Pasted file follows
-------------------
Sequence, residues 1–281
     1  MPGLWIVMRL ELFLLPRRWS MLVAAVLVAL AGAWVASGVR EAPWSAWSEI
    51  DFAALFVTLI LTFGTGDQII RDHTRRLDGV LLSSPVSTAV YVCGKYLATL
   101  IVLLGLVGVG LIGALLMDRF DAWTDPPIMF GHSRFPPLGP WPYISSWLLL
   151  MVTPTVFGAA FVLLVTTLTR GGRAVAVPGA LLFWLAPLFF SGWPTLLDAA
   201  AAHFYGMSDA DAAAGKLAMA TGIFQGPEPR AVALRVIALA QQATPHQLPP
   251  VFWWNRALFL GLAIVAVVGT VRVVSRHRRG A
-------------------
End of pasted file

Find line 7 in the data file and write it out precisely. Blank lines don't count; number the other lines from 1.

   251  VFWWNRALFL GLAIVAVVGT VRVVSRHRRG A